Glucagon-like Peptide 1 (GLP-1) and Endothelial Dysfunction in Metabolic Syndrome
Glucagon-like peptide 1 (GLP-1) is an intestinal peptide hormone secreted in a nutrient-dependent manner that stimulates the pancreatic beta cells to secrete more insulin in response to the same amount of blood glucose. In patients with Type 2 diabetes, GLP-1 secretion is lower than normal, thus suggesting that the hormone may contribute to the pathogenesis of the disease. Whether infusion of GLP-1 affects endothelial function and glucose uptake in humans has never been investigated. In the current proposal, the investigators hypothesize that GLP-1 administration might ameliorate endothelial dysfunction in patients with metabolic syndrome. To test this hypothesis, the investigators will evaluate the acute effects of GLP-1 in the forearm circulation of patients with metabolic syndrome during local hyperinsulinemia by use of the forearm perfusion technique.
|Study Design:||Allocation: Non-Randomized
Intervention Model: Single Group Assignment
Masking: Open Label
|Official Title:||Effect of GLP-1 on Endothelial Function and Glucose Uptake in Patients With Metabolic Syndrome|
- Endothelium-dependent vasodilation capacity [ Time Frame: 60 minutes ] [ Designated as safety issue: No ]
- Insulin-mediated glucose uptake [ Time Frame: 100 minutes ] [ Designated as safety issue: Yes ]
|Study Start Date:||November 2008|
|Study Completion Date:||June 2012|
|Primary Completion Date:||June 2012 (Final data collection date for primary outcome measure)|
Experimental: GLP-1 infusion
Patients with metabolic syndrome
Drug: GLP-1 infusion
Participants will receive intraarterial infusion of GLP-1 (20 pmol/ml solution) for 100 min.
Other Name: Incretins
Subjects meeting the entrance criteria will be studied in a quiet room with a temperature of approximately 22°C. While the participants are supine, a 20-gauge Teflon catheter will be inserted into the brachial artery of the nondominant arm under local anesthesia. This arm will be slightly elevated above the level of the heart, and a mercury-filled Silastic strain gauge will be placed on the widest part of the forearm. The strain gauge will be connected to a plethysmography calibrated to measure the percent change in volume; the plethysmograph in turn will be connected to a chart recorder to record the forearm flow measurements. For each measurement, a cuff placed on the upper arm will be inflated to 40 mmHg with a rapid cuff inflator to occlude venous outflow from the extremity. A wrist cuff will be inflated to suprasystolic pressures l min before each measurement to exclude the hand circulation. Flow measurements will be recorded for approximately 7 seconds every 15 seconds; 7 readings will be obtained for each value.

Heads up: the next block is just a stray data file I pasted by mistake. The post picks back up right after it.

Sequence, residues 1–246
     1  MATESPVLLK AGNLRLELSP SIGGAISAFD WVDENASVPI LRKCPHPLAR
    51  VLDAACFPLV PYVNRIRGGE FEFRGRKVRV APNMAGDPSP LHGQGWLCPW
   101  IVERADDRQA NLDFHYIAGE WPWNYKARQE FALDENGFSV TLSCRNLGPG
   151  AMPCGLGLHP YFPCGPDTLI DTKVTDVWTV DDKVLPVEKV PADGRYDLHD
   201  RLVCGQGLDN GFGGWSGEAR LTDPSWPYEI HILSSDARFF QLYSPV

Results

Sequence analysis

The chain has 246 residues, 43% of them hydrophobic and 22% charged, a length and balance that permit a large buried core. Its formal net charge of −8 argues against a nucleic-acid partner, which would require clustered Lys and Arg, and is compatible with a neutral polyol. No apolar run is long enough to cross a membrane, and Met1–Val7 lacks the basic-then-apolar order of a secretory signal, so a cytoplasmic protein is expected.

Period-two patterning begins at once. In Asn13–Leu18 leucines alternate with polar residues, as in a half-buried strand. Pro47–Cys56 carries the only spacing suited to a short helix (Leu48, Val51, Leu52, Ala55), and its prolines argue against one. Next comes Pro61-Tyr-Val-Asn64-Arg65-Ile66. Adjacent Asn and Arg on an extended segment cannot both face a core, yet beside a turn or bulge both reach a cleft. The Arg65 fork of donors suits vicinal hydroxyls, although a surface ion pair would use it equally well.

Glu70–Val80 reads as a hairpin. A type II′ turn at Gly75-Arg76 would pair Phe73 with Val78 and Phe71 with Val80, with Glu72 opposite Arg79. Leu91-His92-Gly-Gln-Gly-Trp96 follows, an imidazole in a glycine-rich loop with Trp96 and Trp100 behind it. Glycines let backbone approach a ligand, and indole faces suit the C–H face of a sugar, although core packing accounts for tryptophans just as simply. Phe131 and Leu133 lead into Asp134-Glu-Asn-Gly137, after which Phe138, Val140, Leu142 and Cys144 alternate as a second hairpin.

The intraarterial catheter will be connected by a 3-way stopcock to both a pressure transducer (to measure intraarterial blood pressure) and an infusion pump. Saline or drugs then will be infused at the rate of 0.5-1ml per minute. Another 20-gauge Teflon catheter will be inserted in a homolateral antecubital vein for blood sampling.
To assess the effects of GLP-1 on insulin stimulated vasodilation, after the forearm will be instrumented, patients with metabolic syndrome will receive intraarterial infusion of saline for 15 minutes; blood samples will be collected and baseline flow will be measured. Then infusion of regular insulin (Humulin, Eli Lilly, Indianapolis, IN; 0.1 mU per kg of body weight per minute) will be started. Next, forearm blood flow will be measured after infusion of Ach, a vasodilator whose effect is predominantly related to nitric oxide (NO), and sodium nitroprusside (SNP), an exogenous NO donor.
After 20 min of insulin infusion, another baseline measurement will be obtained and continuous intraarterial infusion of GLP-1 will be started at 20 pmol/min infusion rate. This dose has been chosen in order to achieve intravascular GLP-1 concentrations within the infused forearm in a range (approximately 0.50 pmol/mL) previously shown effective to improve insulin sensitivity. GLP-1 infusion will be continued for 60 minutes, and forearm blood flow will be measured every 30 minutes; venous blood samples will be obtained at the end of this infusion period. Then, while maintaining GLP-1 infusion unchanged, dose-response curves to ACh and SNP will be repeated, at the same doses and following the same protocol as before.
|Tor Vergata University|
|Rome, Italy, 90100|
|Principal Investigator:||Manfredi Tesauro, MD||Internal Medicine Department, Tor Vergata University, Rome|